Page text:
We are doing our bit to help the environment with the launch of our new bio-based plastic mailing bag as part of a wider, ongoing mission to make TOTM as green as possible.
Plastic waste is a huge problem facing the planet right now, and is expected to outweigh fish in the ocean within just 30 years.
We already avoid the use of plastic in our applicators, choosing to use 100% recyclable cardboard instead. Plastic applicators can take 25 years to break down in seas and oceans and cause huge health problems (and even death) for marine wildlife who eat them thinking they are food.
The new bags, supplied by Elliott Packaging, use a material called Polyair™, which is made from sugar cane, a natural, renewable source, making it carbon positive and 100% recyclable. They are emblazoned with a simple, cotton motif to reflect the certified organic cotton products, which they will carry. These will replace the plastic bags we used as an interim measure to ship our products.
As you may know, our tampons are 100% biodegradable and dissolve naturally in landfills. Unlike many other brands, we do not use chemically treated wood pulp, which is a process that wastes 50% of the tree. And what’s more, because cotton is the most chemically sprayed and genetically modified crop in the world, we only use non-GM, certified organic cotton, grown without chemical fertilisers or pesticides.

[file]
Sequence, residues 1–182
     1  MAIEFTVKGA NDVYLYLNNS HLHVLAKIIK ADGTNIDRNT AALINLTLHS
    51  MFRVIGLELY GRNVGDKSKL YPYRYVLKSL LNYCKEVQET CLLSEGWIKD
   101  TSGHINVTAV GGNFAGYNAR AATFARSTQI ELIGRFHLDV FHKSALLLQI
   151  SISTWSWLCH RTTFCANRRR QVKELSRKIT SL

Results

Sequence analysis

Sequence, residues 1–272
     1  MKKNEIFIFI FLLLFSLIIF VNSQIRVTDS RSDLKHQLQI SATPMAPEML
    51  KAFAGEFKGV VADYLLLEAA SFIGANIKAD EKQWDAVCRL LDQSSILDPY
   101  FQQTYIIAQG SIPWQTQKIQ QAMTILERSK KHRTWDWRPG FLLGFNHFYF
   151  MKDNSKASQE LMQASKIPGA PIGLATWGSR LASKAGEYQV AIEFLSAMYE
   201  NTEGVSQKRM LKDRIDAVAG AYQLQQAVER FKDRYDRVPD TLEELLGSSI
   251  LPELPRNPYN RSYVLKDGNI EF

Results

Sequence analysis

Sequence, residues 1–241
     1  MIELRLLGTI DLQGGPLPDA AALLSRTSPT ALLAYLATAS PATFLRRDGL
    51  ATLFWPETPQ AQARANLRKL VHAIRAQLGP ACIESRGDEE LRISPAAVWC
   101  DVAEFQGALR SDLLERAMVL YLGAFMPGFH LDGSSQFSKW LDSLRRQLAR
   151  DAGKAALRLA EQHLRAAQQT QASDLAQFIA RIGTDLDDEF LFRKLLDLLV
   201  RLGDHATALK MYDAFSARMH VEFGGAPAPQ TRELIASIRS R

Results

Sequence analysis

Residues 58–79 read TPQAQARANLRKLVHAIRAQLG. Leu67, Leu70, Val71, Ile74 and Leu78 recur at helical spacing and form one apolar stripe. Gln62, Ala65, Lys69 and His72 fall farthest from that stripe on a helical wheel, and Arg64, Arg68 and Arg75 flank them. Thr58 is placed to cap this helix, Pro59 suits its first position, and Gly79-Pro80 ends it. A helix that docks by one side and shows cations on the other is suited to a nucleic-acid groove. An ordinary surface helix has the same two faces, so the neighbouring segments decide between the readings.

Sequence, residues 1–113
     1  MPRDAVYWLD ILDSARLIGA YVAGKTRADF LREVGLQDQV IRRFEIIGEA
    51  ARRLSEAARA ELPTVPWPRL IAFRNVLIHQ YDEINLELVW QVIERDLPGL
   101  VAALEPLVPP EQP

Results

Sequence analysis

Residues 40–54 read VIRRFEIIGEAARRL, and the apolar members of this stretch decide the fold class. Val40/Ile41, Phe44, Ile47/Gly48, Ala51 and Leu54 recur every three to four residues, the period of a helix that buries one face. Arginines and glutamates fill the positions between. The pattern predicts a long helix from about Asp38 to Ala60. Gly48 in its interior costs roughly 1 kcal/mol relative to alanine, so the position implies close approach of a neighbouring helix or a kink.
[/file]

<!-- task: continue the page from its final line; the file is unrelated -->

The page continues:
Co-Founder and Director, St. John Burke, commented: “We already use cardboard for the packaging of our products, a decision made because not only is it 100% biodegradable but cardboard recycling is widely available in the UK and enabled us to deliver a high quality item for our consumers. We avoid the use of plastics wherever possible.
“Polyair is the greenest material we know of and will help reduce the carbon footprint of our company even further. We had to put in a sizeable minimum order, which is quite a commitment for a start-up company of our size but we felt the benefit for our customers, and more importantly, for the environment, was worth it.
“Whilst it’s an attractive alternative to standard polythene, it’s still costing us an extra few pence per unit, which works out roughly 50% more expensive than what we were using previously. We are, of course, absorbing this instead of passing it onto our customers.”